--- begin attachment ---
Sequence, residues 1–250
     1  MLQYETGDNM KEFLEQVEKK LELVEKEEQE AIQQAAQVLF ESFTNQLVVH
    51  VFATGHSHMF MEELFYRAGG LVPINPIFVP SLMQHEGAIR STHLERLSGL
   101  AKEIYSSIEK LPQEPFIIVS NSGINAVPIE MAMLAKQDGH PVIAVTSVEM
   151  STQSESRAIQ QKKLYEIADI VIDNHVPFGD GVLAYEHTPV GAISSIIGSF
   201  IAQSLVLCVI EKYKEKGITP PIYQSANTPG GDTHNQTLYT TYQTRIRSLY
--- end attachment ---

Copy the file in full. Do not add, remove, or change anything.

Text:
Sequence, residues 1–250
     1  MLQYETGDNM KEFLEQVEKK LELVEKEEQE AIQQAAQVLF ESFTNQLVVH
    51  VFATGHSHMF MEELFYRAGG LVPINPIFVP SLMQHEGAIR STHLERLSGL
   101  AKEIYSSIEK LPQEPFIIVS NSGINAVPIE MAMLAKQDGH PVIAVTSVEM
   151  STQSESRAIQ QKKLYEIADI VIDNHVPFGD GVLAYEHTPV GAISSIIGSF
   201  IAQSLVLCVI EKYKEKGITP PIYQSANTPG GDTHNQTLYT TYQTRIRSLY